You can also present evidence directly during the trial, for example evidence obtained by private detectives. It is up to the court to assess the evidence.

Can information about my criminal record be provided during the trial?

The Link opens in new windowCode of Criminal Procedure states that information concerning a criminal record can be obtained even from abroad. The information concerning your criminal record will be read out during the trial.

If you are convicted, and have previous convictions of the same type this may mean that you receive a more severe sentence.

What happens at the end of the trial?

After all evidence has been taken, and the prosecution and the defence have made their closing statements, the court will take its decision.  This concludes the proceedings before the court of first instance.

If the necessary requirements are met, the court may decide to order a type of Link opens in new windowdiversion. In all other cases, the court decides whether it considers you to be guilty of the charges against you, or if you are acquitted.

In the event of a conviction, the court must also decide on the sentence. The sentence may be a fine or a term of imprisonment. The enforcement of the sentence may be suspended for a Link opens in new windowconditional probation period.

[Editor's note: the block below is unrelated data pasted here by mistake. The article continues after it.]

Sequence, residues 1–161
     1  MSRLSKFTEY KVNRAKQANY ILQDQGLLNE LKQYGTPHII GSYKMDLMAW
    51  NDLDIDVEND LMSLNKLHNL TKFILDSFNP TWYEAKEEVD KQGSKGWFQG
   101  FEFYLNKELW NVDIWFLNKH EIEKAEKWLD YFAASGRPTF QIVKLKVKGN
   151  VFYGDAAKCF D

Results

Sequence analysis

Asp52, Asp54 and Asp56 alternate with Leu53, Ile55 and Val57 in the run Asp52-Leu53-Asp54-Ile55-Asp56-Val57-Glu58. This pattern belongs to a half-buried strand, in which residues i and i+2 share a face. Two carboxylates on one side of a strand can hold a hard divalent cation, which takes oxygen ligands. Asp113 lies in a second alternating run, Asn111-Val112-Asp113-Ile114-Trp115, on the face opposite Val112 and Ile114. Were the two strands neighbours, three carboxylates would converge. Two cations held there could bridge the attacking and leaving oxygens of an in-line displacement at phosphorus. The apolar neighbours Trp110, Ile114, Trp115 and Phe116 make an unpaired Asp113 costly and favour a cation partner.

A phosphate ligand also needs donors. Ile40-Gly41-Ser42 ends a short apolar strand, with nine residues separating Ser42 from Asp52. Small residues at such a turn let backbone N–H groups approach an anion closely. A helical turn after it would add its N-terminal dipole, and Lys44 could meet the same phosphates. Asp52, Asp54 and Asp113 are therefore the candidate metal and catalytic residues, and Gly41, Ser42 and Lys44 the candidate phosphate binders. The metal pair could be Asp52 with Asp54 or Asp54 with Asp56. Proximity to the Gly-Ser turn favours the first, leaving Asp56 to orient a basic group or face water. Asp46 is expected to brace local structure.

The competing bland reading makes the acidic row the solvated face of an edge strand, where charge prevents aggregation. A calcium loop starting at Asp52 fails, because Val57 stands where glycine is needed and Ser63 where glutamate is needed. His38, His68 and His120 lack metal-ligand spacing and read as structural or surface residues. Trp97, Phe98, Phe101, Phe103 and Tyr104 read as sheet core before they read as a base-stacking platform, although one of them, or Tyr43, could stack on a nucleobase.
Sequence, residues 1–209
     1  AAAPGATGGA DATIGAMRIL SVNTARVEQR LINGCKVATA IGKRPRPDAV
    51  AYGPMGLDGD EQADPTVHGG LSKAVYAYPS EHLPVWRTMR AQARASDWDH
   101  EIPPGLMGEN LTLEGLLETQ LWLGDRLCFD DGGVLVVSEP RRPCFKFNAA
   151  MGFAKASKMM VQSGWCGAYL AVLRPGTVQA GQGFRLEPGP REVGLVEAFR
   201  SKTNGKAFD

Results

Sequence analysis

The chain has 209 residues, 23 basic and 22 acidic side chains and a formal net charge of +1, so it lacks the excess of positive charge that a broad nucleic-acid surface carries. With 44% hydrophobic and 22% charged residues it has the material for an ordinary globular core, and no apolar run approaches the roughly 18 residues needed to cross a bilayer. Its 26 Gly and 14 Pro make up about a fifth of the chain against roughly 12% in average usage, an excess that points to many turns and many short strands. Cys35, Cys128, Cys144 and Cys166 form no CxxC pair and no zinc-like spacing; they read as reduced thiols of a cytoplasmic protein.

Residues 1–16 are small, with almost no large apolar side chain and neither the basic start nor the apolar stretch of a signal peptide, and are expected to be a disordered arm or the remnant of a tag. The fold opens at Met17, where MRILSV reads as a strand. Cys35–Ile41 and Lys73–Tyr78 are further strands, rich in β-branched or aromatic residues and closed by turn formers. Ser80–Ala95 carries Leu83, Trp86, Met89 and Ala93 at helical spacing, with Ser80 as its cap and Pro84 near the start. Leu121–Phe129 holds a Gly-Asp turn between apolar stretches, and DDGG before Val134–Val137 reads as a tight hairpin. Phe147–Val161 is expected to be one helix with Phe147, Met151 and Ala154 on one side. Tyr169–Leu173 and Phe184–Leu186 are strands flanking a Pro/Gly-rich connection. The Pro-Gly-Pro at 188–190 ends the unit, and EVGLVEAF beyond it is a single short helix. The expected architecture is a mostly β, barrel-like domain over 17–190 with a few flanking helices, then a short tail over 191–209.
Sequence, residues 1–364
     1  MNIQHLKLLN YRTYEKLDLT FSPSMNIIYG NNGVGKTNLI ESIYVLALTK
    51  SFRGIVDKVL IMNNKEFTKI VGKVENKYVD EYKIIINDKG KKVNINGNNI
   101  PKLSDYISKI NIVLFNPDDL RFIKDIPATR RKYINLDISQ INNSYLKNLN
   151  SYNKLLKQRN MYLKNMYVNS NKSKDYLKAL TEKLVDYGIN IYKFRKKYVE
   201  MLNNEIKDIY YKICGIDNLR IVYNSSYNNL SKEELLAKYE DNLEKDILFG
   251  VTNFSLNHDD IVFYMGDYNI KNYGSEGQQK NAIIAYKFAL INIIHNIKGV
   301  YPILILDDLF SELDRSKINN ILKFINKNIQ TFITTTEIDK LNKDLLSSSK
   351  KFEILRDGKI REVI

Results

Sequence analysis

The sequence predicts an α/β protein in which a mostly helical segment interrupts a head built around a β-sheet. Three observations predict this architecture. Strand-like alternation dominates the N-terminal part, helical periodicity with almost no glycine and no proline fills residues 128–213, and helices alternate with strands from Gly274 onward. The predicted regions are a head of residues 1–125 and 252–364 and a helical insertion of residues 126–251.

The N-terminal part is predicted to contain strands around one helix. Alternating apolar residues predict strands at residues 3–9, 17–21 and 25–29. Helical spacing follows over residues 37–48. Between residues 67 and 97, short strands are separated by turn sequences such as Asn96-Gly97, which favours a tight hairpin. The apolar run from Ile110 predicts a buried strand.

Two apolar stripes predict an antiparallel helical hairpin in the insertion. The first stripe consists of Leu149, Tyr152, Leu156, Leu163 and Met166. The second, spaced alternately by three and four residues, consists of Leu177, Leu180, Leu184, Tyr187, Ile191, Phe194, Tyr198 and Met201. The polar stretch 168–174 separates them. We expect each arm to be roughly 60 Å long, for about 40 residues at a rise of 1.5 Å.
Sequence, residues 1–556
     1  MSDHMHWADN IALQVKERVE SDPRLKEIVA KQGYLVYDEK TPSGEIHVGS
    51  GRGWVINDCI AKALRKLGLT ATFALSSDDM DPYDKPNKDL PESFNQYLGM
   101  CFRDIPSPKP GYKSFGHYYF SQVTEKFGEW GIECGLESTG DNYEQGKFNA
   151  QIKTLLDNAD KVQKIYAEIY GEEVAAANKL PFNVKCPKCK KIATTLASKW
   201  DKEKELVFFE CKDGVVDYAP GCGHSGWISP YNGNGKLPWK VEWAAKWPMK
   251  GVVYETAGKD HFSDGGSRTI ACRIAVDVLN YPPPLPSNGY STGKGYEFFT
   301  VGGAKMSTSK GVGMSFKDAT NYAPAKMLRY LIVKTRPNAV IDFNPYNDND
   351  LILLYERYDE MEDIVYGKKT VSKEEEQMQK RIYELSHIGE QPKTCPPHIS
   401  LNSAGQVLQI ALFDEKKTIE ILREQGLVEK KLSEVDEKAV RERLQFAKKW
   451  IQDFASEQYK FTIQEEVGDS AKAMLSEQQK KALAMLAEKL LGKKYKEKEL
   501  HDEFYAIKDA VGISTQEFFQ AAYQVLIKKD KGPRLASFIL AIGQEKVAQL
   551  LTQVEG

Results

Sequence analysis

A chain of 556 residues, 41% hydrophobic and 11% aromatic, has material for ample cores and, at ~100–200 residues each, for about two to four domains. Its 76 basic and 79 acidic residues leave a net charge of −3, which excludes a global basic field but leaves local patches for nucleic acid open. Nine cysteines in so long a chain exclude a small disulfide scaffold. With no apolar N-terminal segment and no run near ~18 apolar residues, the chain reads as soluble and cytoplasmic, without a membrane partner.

What is the role of the victim during the trial?

The victim of a criminal offence is entitled to be present during the trial and may also be represented by a lawyer. The victim has the right to put questions to the defendant, the witnesses and expert witnesses during the trial, as well as to be heard in connection with his/her claims.

As with the defendant, the victim may also be assisted by an interpreter during the trial, if he/she is not sufficiently familiar with the German language.

If the victim was subjected to particular stress by the offence on trial he/she may receive socio-psychological and legal Link opens in new windowcourt assistance if necessary to protect his/her procedural rights.